NPR (01/Jul/2008) - Norman Bates: A Most Terrifying Mama's Boy
- article: Norman Bates: A Most Terrifying Mama's Boy
- author(s): Peter Breslow
- newspaper: NPR (01/Jul/2008)
- keywords: "Alfred Hitchcock and the Making of Psycho" - by Stephen Rebello, "Psycho" - by Robert Bloch, Alfred Hitchcock, Anthony Perkins, Bernard Herrmann, Janet Leigh, Joseph Stefano, Psycho (1960), Robert Bloch, Stephen Rebello
(c) 2008 NPR
Norman Bates: A Most Terrifying Mama's Boy
He was the boy next door, a motel manager slash transvestite slash serial killer — with emphasis on the slash.
Oh, and yes, he mummified his mother.
Just a third of the way into the movie, Hitchcock has Norman — dressed as his mother — pull back the shower curtain and cut poor Marion Crane to bits in room No. 1 at the Bates Motel.
Chocolate syrup proved to be the right stand-in for blood — it's a black-and-white movie, remember?
But the moment is remembered as much for the slashing strings of composer Bernard Hermann as for its gore — surprising, when you think that originally Hitchcock didn't even want any musical accompaniment to the shower scene.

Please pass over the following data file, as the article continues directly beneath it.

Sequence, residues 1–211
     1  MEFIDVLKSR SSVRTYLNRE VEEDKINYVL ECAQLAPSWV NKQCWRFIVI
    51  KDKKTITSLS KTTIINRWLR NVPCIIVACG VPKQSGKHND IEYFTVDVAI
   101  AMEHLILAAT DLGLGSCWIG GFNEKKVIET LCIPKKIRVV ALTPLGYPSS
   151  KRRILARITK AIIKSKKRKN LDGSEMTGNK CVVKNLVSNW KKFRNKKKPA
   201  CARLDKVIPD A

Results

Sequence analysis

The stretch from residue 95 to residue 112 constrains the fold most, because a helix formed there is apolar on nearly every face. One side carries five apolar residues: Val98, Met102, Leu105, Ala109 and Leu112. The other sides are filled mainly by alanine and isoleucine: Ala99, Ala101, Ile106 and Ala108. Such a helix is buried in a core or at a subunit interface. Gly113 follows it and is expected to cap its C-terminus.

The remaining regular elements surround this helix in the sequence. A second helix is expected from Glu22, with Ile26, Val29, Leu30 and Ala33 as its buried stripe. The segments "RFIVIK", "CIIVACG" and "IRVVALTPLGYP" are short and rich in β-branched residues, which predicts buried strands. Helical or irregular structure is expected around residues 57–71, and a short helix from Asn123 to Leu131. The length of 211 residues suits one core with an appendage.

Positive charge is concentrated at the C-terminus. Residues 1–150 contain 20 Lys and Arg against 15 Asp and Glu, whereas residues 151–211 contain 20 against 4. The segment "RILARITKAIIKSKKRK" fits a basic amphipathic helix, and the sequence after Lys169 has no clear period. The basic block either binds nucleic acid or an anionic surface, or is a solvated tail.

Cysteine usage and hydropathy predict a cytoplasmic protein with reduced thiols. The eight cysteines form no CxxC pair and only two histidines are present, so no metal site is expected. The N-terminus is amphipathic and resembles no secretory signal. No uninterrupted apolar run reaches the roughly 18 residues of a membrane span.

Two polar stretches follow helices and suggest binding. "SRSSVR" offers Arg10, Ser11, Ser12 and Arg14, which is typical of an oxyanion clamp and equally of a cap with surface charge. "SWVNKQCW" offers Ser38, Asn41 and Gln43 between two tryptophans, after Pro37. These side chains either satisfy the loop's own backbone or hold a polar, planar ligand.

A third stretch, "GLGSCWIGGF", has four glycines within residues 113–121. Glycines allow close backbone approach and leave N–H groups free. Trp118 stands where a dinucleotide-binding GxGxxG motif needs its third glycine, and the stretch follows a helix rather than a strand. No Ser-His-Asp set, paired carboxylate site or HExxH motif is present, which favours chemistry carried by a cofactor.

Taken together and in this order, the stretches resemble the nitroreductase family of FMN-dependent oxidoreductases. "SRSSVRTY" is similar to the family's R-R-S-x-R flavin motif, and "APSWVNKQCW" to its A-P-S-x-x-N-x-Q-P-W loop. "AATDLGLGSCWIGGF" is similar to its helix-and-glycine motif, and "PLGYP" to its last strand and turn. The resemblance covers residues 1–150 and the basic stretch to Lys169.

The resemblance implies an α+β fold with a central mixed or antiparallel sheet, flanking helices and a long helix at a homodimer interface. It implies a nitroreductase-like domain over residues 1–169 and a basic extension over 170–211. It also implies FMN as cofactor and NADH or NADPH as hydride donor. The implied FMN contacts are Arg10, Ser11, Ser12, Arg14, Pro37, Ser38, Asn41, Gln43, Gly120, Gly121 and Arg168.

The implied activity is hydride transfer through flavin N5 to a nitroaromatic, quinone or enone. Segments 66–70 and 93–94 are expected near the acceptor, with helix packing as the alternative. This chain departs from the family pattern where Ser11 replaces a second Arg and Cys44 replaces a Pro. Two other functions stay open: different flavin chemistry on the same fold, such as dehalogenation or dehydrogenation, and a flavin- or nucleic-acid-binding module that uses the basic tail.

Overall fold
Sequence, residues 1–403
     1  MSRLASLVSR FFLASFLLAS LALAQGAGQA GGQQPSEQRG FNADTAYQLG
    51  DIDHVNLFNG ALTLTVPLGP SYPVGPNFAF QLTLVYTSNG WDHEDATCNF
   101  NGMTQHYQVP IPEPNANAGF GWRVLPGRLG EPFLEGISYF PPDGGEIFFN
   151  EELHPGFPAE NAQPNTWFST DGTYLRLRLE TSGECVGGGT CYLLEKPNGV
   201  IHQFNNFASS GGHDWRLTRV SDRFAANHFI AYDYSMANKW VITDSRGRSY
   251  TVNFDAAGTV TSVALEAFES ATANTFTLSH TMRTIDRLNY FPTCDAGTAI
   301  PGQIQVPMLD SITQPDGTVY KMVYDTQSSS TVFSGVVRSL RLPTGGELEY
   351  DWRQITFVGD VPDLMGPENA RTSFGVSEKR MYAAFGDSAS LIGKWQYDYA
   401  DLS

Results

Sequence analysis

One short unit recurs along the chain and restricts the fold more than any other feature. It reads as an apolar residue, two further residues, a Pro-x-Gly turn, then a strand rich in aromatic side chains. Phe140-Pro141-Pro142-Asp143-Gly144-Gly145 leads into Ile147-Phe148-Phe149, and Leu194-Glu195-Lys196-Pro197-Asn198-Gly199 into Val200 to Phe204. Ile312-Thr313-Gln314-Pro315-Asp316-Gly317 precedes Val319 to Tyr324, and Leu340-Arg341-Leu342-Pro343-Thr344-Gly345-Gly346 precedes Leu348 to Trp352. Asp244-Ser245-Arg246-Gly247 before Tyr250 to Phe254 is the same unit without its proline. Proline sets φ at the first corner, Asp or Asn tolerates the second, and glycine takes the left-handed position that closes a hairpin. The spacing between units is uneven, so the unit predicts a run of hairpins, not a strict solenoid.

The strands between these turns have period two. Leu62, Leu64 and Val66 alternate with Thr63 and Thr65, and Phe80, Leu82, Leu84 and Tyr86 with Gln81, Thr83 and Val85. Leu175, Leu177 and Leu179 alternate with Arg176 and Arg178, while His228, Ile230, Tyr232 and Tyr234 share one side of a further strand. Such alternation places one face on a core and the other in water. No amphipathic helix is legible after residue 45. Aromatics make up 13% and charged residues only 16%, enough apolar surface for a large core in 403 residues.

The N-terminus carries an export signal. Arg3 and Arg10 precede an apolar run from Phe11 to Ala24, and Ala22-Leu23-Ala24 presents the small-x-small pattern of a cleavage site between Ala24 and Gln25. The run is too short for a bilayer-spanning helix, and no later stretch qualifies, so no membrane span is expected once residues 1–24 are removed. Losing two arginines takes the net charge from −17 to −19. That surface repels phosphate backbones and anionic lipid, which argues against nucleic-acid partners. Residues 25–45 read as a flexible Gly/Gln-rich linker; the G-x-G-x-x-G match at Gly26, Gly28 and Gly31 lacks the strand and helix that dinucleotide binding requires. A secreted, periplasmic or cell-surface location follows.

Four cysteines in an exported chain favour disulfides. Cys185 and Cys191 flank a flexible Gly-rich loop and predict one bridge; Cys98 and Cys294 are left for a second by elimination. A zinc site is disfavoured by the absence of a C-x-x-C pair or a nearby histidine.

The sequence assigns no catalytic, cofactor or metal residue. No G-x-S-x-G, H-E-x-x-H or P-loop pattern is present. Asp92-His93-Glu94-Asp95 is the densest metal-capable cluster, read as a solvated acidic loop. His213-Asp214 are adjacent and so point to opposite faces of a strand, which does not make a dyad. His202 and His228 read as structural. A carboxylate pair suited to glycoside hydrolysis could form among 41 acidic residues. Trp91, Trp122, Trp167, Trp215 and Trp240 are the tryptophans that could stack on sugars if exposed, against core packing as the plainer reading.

And the sound of the stabbing? That was a knife being plunged into a casaba melon. Sound-effects artists tried cantaloupe and watermelon, but only the casaba could satisfy the director.
Before the action was over, Hitchcock had ruined showering for a generation.
Psycho was made fast and cheap — Hitchcock used his TV crew — and it scared the pants off audiences in 1960. The inspiration for Norman Bates goes back a few years earlier, according to Stephen Rebello, the author of Alfred Hitchcock and The Making of Psycho.
From A True Story, A Memorable Hollywood Thriller
Rebello says that in November 1957, authorities in rural Plainfield, Wis., were looking for a woman, a hardware-store owner, who had gone missing. Following a clue, they entered the darkened, ramshackle farmhouse of a seemingly harmless 51-year-old handyman named Ed Gein.